My thoughts - I think this whole concept has been given a bad rap from eugenic's original purpose: creating a 'pure' race, envisaged by race-obsessed ideologues. In practice, however, eugenics can provide some substantial benefits, notably removing life-impairing genetic diseases from the gene pool, freeing future generations from suffering with and caring for these illnesses. I recognise, however, the leniency which surrounds what a 'life-impairing' disease is (e.g. is short-sightedness considered life-impairing? Is being born with a deformed arm life-impairing? etc.)

Thoughts?
Yes of course, if we could carry out forced abortions then we could remove those faulty genes from our human gene pool.
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tazarooni89
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(Original post by LennyBicknel)
Would you support forced abortions if a developing baby in the womb was found to have a genetic disease? (e.g. Downs Syndrome; Cystic Fibrosis; Huntingdon's Disease etc.)
I wouldn't support forced abortions or even voluntary abortions, any more than I would support simply killing a fully grown person with Downs Syndrome. They might not have a life we consider ideal, but as far as they're concerned it may still be a better one than none at all. Ending someone else's life based on their difficulties is not our decision to make.

Alternatively, would you support mandatory genetic engineering of these babies, if technologically permitted it?
I wouldn't support mandatory genetic engineering for various reasons e.g. parents may be concerned about potential adverse risks, they may not be able to afford it etc. Although I would support genetic engineering being strongly encouraged. Again, I'd just liken it to the prevention of disease in any fully grown person. Vaccinations for example, are not mandatory, they are just strongly encouraged.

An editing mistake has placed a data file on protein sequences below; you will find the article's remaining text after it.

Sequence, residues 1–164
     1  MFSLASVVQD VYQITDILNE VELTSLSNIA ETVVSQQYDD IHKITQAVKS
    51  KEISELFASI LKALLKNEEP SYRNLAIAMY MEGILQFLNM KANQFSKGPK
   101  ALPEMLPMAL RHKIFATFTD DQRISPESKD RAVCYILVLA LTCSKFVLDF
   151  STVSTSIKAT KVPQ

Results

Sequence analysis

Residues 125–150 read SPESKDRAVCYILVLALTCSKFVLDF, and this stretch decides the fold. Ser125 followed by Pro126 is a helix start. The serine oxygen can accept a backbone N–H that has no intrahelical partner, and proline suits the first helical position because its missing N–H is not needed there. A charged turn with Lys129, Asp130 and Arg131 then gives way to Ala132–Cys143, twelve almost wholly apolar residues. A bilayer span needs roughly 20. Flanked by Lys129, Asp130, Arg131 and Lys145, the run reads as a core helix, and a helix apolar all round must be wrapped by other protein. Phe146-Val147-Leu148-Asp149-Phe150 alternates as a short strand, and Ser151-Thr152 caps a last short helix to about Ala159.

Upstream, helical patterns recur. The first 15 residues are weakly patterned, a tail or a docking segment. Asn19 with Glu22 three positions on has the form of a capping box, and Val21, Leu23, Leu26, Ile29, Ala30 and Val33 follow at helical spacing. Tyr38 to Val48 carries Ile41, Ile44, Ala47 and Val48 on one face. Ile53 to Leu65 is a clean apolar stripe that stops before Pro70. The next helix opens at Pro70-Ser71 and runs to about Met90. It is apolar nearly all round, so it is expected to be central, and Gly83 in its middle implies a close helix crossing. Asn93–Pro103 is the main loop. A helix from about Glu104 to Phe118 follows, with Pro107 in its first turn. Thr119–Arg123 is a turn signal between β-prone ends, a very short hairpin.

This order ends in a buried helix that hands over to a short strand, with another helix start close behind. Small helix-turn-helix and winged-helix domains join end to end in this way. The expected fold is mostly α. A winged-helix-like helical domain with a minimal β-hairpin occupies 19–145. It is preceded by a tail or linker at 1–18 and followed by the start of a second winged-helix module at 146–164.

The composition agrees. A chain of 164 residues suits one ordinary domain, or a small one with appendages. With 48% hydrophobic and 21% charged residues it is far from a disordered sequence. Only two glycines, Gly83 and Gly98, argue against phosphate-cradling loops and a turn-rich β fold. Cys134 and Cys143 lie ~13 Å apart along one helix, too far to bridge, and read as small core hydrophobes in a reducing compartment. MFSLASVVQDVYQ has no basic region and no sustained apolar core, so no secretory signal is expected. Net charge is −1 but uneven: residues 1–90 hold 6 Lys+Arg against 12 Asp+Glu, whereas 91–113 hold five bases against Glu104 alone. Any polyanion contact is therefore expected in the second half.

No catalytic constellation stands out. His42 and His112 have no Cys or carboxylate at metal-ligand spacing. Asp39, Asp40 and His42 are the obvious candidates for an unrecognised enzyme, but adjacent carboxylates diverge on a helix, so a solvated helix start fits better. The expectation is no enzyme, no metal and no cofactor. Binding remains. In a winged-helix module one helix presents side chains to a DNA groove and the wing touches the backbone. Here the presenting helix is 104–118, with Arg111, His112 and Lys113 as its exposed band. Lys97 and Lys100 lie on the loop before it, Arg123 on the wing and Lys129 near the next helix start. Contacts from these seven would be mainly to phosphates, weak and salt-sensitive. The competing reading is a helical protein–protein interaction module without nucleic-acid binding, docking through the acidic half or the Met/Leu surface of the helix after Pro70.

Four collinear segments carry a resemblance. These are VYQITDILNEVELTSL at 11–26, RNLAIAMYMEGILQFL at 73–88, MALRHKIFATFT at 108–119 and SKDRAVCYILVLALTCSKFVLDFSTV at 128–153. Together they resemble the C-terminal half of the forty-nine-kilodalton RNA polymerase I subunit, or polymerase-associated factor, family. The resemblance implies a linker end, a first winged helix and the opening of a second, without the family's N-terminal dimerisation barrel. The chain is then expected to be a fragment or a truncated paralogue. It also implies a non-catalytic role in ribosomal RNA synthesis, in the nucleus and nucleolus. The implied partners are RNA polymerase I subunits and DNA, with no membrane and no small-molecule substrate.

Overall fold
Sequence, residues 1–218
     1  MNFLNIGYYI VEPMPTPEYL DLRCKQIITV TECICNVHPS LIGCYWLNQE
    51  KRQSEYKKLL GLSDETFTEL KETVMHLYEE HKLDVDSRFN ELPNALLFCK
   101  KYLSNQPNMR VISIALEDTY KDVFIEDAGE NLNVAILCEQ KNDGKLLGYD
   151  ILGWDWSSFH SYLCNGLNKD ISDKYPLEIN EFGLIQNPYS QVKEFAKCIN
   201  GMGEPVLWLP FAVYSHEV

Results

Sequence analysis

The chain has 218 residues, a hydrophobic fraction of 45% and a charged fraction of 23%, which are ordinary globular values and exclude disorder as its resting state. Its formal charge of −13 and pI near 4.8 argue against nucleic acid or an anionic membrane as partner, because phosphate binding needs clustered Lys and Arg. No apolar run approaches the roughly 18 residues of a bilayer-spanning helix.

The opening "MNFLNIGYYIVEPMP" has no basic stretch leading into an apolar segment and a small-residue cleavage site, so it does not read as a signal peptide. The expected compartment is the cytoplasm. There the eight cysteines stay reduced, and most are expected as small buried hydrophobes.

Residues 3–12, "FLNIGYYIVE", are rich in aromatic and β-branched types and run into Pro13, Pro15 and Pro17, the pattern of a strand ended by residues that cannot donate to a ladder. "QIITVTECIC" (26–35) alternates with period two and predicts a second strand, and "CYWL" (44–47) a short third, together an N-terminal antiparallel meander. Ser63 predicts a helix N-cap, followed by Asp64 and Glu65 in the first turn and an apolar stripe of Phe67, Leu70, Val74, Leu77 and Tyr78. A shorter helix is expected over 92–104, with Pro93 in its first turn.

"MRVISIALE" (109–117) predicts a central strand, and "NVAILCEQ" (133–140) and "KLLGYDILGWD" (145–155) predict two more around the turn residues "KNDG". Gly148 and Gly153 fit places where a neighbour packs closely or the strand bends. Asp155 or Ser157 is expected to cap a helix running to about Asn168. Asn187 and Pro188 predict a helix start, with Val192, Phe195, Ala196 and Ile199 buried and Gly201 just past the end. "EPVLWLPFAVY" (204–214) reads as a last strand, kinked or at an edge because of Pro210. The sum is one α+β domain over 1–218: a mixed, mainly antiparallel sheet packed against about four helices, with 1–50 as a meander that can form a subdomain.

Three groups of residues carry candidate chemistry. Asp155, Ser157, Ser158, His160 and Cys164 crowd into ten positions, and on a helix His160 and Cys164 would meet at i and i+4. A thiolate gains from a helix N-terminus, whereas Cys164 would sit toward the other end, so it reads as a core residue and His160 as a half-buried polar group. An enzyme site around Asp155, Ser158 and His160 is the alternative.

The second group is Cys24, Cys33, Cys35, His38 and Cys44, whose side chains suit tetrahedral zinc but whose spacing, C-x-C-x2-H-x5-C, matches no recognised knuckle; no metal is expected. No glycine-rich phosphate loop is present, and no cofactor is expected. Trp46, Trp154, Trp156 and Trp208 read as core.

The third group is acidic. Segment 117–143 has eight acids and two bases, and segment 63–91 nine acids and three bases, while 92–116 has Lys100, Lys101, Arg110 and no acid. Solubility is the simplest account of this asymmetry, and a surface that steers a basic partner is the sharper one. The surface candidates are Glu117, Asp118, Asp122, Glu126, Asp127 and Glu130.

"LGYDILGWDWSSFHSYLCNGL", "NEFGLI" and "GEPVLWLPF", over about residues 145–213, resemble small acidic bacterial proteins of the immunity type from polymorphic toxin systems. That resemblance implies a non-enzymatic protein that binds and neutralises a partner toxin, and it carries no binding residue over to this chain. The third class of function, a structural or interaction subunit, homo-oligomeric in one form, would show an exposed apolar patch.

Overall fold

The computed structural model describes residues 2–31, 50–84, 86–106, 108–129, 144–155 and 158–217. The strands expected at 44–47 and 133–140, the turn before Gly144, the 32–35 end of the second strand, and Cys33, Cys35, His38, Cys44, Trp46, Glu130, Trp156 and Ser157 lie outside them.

My thoughts - I think this whole concept has been given a bad rap from eugenic's original purpose: creating a 'pure' race, envisaged by race-obsessed ideologues. In practice, however, eugenics can provide some substantial benefits, notably removing life-impairing genetic diseases from the gene pool, freeing future generations from suffering with and caring for these illnesses. I recognise, however, the leniency which surrounds what a 'life-impairing' disease is (e.g. is short-sightedness considered life-impairing? Is being born with a deformed arm life-impairing? etc.) Thoughts?
I wouldn't have any problem with the use of genetic engineering to create "designer babies" either, assuming it was risk free.
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_gcx
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I have no problem with designer babies, but sterilisation or euthanization is blatantly immoral.
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Dheorl
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Voluntary = fine, mandatory = disturbing